Who were the Witches of Zugarramurdi?
Zugarramurdi is a tiny bucolic Basque village nestling in the foothills of the western Pyrenees. Innocuously the name Zugarramurdi means ‘hill of elm trees’, although today it is far better known for its caves and witches than for its hills and elms. However, this is the site of the most brutal witch hunt of the Spanish Inquisition. In 1610, after incarceration and torture in the dungeons of Logrono, 53 people from the Zugarramurdi area were accused of witchcraft during the famous Auto de Fe. This was the largest witch trial in history.
The series of events which led up to the witch trials of the Inquisition are well-cited (and explained below). However, there is a more interesting question: ‘why’ did this fate fall upon Zugarramurdi: a seemingly peaceful, Basque village of a few hundred people, tucked away in the misty borderlands of the Spanish/French Pyrenees?
As early as 1140, Aymeric Picaud wrote the Codex Calixtinus, the first ‘tourist’ guide to the Camino de Santiago, and this gave the Basques of Navarra a pretty bad press. In it Aymeric describes them as “fierce-faced men who terrorize people with their barbarian tongues”, going on to describe the Basque people as “full of evil, dark in complexion, of aberrant appearance, wicked, treacherous, disloyal and false”. (He even went on to say that the food was awful!). Please look at an article I wrote on the Basque Code of Honour for a more balanced view!
Nevertheless it is easy to understand how pilgrims, crossing the Pyrenees for the first time from the southern French border in Labourd, would have been filled with fear. They would have found misty, heavily-wooded terrain, dotted with isolated villages full of strange, rugged, distinctive-looking people of an alien cultural background and speaking with an odd, harsh-sounding language. This sudden contrast would only serve to reinforce Picaud’s image of the Basque people. However erroneous this may have been the image was one which would linger on throughout the centuries.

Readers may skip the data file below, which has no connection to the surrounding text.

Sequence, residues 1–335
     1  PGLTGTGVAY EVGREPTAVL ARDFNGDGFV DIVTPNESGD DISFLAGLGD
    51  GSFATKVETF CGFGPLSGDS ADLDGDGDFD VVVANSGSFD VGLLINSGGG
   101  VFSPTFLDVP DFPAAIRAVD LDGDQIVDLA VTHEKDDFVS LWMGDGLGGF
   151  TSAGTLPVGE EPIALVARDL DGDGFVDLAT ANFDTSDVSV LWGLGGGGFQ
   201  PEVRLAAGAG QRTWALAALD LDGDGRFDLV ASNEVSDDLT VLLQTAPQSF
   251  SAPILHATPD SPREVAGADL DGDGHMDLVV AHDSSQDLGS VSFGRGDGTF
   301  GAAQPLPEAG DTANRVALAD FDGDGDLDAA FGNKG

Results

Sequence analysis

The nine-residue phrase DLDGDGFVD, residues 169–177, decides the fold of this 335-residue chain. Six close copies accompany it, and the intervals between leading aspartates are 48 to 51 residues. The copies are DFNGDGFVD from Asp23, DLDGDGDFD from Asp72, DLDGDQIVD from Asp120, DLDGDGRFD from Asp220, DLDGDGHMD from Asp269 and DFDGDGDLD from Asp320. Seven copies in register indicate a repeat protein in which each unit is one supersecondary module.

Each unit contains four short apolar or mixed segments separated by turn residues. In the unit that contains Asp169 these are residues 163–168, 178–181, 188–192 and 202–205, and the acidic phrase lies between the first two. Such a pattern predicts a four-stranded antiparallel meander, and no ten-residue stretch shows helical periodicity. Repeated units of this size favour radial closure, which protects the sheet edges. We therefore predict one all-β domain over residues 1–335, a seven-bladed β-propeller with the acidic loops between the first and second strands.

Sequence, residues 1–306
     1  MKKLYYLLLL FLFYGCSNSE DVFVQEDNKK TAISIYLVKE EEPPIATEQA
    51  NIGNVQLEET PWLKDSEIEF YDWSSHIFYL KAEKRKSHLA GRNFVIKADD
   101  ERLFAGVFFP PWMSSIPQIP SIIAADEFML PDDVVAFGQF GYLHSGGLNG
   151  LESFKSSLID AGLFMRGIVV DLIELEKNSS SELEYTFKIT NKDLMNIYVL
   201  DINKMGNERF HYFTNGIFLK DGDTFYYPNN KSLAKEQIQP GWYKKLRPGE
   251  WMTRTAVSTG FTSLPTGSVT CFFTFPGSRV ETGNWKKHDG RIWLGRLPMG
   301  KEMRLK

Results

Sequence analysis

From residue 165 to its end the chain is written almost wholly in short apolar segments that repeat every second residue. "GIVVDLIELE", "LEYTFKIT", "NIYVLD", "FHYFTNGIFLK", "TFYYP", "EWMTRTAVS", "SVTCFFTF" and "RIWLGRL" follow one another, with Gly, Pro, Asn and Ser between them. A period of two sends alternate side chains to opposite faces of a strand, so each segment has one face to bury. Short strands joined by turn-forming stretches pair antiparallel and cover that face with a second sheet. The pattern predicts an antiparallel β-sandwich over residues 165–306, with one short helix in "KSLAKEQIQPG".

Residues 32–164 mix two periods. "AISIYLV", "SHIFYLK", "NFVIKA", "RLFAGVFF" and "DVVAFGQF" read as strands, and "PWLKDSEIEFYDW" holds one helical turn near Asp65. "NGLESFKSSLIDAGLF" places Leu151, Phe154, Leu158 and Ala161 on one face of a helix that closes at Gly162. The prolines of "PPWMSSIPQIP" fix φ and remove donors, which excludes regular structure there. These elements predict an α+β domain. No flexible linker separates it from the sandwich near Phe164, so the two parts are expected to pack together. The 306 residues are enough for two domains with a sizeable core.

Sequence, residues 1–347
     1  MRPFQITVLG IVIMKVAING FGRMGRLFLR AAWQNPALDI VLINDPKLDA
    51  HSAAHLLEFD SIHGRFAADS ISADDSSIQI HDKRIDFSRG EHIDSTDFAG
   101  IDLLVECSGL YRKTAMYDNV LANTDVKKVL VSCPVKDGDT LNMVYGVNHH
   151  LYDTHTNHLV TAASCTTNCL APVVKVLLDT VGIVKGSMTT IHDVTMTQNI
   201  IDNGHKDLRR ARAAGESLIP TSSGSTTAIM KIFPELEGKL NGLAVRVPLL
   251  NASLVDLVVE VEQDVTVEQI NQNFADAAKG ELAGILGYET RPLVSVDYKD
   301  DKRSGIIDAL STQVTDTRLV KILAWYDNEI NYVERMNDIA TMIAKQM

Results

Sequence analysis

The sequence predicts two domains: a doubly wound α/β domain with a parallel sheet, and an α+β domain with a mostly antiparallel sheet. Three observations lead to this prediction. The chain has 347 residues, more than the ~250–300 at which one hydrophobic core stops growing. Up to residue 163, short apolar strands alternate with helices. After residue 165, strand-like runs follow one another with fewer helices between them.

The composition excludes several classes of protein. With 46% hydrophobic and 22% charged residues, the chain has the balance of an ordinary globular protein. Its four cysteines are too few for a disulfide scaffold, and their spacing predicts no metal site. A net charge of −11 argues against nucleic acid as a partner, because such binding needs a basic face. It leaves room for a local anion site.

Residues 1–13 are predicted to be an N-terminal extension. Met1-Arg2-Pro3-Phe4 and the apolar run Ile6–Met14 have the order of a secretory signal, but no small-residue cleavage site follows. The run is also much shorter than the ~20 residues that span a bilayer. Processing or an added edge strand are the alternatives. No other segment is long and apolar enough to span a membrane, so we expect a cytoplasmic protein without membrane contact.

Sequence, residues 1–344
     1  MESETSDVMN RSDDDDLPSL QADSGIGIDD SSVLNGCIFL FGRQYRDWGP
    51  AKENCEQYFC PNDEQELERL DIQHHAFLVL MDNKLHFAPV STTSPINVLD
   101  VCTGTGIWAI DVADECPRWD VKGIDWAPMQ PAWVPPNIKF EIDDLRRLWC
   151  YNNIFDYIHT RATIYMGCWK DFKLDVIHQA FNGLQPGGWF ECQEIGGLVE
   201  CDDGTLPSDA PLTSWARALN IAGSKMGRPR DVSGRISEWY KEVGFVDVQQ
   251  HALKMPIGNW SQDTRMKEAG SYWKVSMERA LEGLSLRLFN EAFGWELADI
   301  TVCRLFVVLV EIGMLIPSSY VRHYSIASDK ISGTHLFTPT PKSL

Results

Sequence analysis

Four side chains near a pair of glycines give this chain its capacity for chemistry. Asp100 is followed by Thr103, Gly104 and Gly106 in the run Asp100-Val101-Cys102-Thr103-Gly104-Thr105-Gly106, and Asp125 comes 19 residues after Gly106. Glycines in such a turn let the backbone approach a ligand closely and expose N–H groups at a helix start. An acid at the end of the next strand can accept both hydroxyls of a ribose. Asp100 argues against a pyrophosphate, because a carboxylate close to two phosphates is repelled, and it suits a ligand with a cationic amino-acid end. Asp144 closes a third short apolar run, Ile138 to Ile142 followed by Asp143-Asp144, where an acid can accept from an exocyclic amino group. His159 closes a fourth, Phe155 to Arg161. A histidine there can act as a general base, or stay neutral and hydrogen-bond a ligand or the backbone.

Other elements can be added to the scene. Firstly, it was common practice among the locals to make remedies, creams and brews from the wide variety of plants and mushrooms found in these mountains. Secondly, in the 16th century, villages such as Zugarramurdi were predominantly female with many of the men away for months at a time working on the whaling boats along the Basque coast. Thirdly, and perhaps more tenuously, the Basques have a very high percentage of Rhesus Negative blood which caused many children to be stillborn. This would frequently lead them to being considered cursed! For some it was but a small step to imagine that the place was filled with witches and pagan worshippers.
The Spanish Inquisition, hungry to locate and expel infidels from Spain, needed very little encouragement!
And it came.
The Witch Trials of the Spanish Inquisition